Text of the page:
My mother, Alice, was incredibly creative and supported my every artistic inclination. I took dancing lessons, made mud pies in our backyard and was always making something with my mom, whether it was a watercolor or a piece of pottery or a quilt. She would watch me scribble in the margins instead of doing my book reports, and I would come home to a sketchbook and pastels she had placed on my bed. Through grade school and high school, I took every art class that I could take. I think of art and design as a continuum, so here I am today, making art on a really big scale.

Tell us about your college experience. Was there a standout teacher who had a lasting impact on you?

At Carnegie Mellon all the instructors were incredible—rigorous while encouraging experimentation. I’ve always appreciated teachers who would allow me to take risks. There wasn’t any single instructor at Carnegie Mellon who I would single out. But I do remember my ceramics instructor. He let me do crazy shit like throw dirt and hay into the clay-making machine, which is usually reserved for porcelain. I wanted to make adobe, not porcelain! And then, in graduate school, my mentor to this day, Michael Van Valkenburgh, also encouraged me to do crazy shit. I was making design models out of earthenware clay while everyone around me was doing clean, pristine ink drawings on mylar. Michael has been very important to me, in my life and work. His teaching was about risk-taking, and always loving what you make. Those are things that I tell my students on practically a daily basis.

The hull of a ship inspired the entry courtyard at the Brooklyn Navy Yard complex, which houses artists’ studios, fabrication shops and film production facilities. Photo: D.I.R.T. Studio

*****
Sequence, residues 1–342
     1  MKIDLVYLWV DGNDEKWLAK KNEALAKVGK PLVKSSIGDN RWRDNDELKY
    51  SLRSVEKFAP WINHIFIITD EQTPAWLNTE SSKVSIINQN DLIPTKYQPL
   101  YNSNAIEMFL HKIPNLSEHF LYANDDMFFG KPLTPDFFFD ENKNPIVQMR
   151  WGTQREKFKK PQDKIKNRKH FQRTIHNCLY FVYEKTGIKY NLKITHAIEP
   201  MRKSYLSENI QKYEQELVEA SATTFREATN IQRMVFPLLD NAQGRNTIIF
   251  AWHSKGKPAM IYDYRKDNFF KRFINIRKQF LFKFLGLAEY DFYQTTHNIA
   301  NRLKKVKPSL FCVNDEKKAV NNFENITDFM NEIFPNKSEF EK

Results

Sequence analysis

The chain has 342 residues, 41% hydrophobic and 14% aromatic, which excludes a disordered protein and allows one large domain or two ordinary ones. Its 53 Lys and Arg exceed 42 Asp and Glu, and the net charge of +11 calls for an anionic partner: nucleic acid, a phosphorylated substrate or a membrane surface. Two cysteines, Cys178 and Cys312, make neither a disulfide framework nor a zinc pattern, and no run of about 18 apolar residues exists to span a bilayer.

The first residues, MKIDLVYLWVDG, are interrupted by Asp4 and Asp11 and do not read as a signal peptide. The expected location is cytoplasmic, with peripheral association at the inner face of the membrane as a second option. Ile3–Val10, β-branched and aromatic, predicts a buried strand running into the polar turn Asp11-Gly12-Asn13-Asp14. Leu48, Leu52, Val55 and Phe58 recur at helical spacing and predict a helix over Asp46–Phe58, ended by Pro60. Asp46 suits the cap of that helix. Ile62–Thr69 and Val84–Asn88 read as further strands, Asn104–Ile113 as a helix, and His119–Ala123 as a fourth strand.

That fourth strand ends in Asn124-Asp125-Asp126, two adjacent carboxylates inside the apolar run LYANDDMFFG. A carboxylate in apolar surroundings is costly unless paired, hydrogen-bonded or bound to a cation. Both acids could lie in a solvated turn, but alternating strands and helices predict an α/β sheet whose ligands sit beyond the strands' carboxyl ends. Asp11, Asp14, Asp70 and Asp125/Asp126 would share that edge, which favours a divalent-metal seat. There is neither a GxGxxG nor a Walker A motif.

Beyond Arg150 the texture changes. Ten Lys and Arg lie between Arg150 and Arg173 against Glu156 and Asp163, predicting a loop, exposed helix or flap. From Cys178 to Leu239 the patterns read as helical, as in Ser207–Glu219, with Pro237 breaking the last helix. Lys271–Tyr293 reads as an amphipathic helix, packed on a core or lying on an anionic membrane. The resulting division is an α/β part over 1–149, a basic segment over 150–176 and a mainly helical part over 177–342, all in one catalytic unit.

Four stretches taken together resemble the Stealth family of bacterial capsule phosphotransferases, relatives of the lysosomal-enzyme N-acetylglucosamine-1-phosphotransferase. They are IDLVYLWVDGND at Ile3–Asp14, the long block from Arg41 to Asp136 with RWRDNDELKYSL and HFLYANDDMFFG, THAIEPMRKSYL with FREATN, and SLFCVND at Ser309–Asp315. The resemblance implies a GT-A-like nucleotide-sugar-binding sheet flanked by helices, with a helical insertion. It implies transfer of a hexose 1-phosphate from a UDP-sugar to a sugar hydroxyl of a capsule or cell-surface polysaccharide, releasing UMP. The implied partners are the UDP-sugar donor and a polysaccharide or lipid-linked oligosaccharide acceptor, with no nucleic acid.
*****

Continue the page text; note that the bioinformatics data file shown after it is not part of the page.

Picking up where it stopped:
The hull of a ship inspired the entry courtyard at the Brooklyn Navy Yard complex, which houses artists’ studios, fabrication shops and film production facilities. Photo: D.I.R.T. Studio

On process: How does it begin?

It starts with the site, and I mean the site in every respect, its multiple layers of history and its present contexts: social, ecological, political. My process begins with what I call “site forensics,” unearthing as much as possible to work with. You can’t begin to imagine what a site should become unless you know what it was before you got there. I consider design an act of curation, careful editing and restrained addition to stay true to the site. This also means staying true to the people who live and work there.

What are you working on now?

Other than making an attempt to run UVA’s landscape architecture department, I’m working on the redevelopment of a former steelworks in Pittsburgh. Tragically, the city hauled off all the industrial structures except this one mill. Still, the riverfront site is massive and sublime. Our team is trying like hell not to have the developer domesticate it. The other current project is an abandoned limestone quarry in West Virginia. It sits on a mile-and-a-half stretch of the Shenandoah River. The excavated lake is a mind-blowing 250′ wide and a mile long. The former mill is in ruins amidst piles of bright white manufacturing spoils, spent limestone so alkaline that nothing grows on it. [It] also happens to be a significant Civil War battleground.